From the session page:
A number of teams and their work in the WordPress project currently receive little visibility, but also have high stakes or impact on the health of the WordPress community. Especially in recent years, the contributor pipeline for these teams has faced significant struggles. This discussion will explore how to address the broken pipeline, support the contributors involved, and how to give appropriate appreciation to this difficult work. Examples of teams facing this challenge include Plugins, Support, Security, Incident Response.
Most open-source projects don’t have enough people to do the work that needs doing. Investing time in recognition means we’re building a strong foundation for bringing in more future contributors.
- Which groups tend to feel under-appreciated in the project?
- What are some ways to give more recognition to those teams, both to make them feel more appreciated and also to encourage more people to contribute in those areas?
Publicizing our work and team makeup
- Certain teams (like Support) are more public-facing than some which have good reason to be operating more “secretly” – like Security and the Incident Response Team (IRT). How can we bring to the forefront those more behind-the-scenes teams and celebrate their work more?
- Sometimes we aren’t good about posting our work publicly – very few Make posts from certain teams. Need to keep p2 content fresh to highlight the work we’re all doing.
- Incident Response Team requires a certain level of confidentiality, which can feel at odds with transparency. They try to be transparent about the process and steps, while balancing confidentiality and transparency.
- People drawn to Incident Response team maybe don’t care as much about recognition? Could be more tenure-based recognition.
- Important for community to know who is on certain teams – makes them more approachable. But there’s a flip side where people could be contacted for the wrong reasons if their name is public, in relation to these teams they work with.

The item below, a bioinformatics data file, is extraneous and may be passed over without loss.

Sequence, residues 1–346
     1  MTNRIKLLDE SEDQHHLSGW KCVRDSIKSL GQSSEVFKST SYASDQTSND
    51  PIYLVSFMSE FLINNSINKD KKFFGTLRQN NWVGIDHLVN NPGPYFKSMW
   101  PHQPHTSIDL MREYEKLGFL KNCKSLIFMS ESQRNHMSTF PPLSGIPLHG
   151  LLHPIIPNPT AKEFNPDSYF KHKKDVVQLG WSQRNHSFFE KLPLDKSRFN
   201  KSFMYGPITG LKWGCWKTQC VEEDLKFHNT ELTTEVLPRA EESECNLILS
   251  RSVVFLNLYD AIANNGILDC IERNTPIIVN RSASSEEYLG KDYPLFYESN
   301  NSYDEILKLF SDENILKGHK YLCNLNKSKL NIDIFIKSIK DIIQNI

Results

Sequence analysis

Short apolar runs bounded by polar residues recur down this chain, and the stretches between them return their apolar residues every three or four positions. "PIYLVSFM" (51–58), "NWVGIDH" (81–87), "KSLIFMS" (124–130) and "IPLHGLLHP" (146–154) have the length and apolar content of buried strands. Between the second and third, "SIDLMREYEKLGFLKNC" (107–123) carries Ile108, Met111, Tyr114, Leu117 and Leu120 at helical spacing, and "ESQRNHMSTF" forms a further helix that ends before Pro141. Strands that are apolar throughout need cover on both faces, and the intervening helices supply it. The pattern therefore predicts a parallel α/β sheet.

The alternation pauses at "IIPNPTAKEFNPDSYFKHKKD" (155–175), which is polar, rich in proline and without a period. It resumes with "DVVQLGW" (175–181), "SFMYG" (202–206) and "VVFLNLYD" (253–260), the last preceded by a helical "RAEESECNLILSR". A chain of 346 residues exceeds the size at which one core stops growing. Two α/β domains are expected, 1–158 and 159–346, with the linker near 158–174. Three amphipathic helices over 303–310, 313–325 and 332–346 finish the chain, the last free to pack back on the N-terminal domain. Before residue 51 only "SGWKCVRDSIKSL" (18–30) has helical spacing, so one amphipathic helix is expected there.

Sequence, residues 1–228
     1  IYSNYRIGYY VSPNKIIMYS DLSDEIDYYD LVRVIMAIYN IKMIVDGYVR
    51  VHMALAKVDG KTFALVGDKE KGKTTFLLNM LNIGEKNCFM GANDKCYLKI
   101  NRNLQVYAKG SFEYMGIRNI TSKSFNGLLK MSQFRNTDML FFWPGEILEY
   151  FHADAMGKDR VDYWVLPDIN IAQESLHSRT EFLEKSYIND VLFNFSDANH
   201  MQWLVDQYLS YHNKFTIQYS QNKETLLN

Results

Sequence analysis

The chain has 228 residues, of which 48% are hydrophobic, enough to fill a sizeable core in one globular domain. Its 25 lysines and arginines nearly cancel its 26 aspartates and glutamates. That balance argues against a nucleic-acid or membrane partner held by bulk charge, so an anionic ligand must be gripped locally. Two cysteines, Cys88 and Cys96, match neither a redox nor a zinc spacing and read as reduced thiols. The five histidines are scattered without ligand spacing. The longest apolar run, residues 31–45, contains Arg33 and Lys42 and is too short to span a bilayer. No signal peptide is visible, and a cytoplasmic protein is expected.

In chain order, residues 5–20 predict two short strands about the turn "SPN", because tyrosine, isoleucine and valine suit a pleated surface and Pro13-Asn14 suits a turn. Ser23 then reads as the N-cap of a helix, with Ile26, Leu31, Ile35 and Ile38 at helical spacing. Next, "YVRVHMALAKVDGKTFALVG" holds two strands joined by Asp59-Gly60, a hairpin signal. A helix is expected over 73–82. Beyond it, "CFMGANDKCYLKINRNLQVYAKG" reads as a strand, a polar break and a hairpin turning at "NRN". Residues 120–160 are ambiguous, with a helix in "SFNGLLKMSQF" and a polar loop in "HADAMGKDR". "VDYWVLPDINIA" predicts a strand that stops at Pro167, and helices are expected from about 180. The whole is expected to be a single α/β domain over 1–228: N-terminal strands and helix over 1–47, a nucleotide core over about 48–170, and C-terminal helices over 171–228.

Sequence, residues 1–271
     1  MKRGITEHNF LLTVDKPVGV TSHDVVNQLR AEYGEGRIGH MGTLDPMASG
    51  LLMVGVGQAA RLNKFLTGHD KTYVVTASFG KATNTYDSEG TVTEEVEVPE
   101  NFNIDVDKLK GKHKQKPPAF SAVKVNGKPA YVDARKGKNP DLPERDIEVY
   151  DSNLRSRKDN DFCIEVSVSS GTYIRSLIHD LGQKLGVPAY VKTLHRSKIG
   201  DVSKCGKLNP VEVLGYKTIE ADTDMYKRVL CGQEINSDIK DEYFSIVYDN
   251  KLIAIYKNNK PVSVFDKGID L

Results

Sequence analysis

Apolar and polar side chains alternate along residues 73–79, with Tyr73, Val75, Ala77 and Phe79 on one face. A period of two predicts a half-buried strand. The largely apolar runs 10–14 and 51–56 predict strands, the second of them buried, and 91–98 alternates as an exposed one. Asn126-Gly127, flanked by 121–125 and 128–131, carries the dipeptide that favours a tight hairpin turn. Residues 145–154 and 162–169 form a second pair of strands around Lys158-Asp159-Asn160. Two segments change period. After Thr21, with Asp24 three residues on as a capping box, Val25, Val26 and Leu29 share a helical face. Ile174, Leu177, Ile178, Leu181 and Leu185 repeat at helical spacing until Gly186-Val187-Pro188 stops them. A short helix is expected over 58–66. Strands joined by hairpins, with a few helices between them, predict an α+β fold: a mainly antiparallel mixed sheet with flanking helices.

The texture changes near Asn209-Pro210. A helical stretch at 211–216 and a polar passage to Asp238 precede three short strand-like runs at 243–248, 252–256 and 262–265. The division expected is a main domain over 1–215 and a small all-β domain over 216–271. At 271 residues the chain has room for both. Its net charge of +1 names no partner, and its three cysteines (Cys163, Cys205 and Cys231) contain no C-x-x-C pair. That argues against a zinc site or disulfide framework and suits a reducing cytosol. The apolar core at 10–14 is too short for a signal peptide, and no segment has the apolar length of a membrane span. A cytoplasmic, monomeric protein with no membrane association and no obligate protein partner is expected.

- There’s some particular concern about lack of acknowledgement as it relates to the Security & IRT teams. People only know we handled an issue if we publicize it. So it might make it look like we don’t care about harassment or security if we don’t publicize that we handled certain things. Higher level of risk, a lot less reward. How do we find a balance?
- Security obviously has to be somewhat obscure, though the team does get recognition for individual work on the team, like when a release comes out. Every problem that’s fixed gets disclosed at that time, and generally the person who found the issue is mentioned. PluginPlugin A plugin is a piece of software containing a group of functions that can be added to a WordPress website. They can extend functionality or add new features to your WordPress websites. WordPress plugins are written in the PHP programming language and integrate seamlessly with WordPress. These can be free in the WordPress.org Plugin Directory https://wordpress.org/plugins/ or can be cost-based plugin from a third-party Review team recently announced the people on the team, with their permission. Tricky team because they sometimes get negative feedback, so everyone gets a choice of whether to be mentioned.